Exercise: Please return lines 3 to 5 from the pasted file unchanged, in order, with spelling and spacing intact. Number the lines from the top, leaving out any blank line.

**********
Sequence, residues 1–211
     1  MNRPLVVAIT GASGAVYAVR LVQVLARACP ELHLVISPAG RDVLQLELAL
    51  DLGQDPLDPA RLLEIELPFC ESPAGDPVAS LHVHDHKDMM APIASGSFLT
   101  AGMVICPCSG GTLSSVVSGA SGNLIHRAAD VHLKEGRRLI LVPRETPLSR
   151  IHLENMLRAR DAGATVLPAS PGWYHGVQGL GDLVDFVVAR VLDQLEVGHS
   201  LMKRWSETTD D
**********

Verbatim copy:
    51  DLGQDPLDPA RLLEIELPFC ESPAGDPVAS LHVHDHKDMM APIASGSFLT
   101  AGMVICPCSG GTLSSVVSGA SGNLIHRAAD VHLKEGRRLI LVPRETPLSR
   151  IHLENMLRAR DAGATVLPAS PGWYHGVQGL GDLVDFVVAR VLDQLEVGHS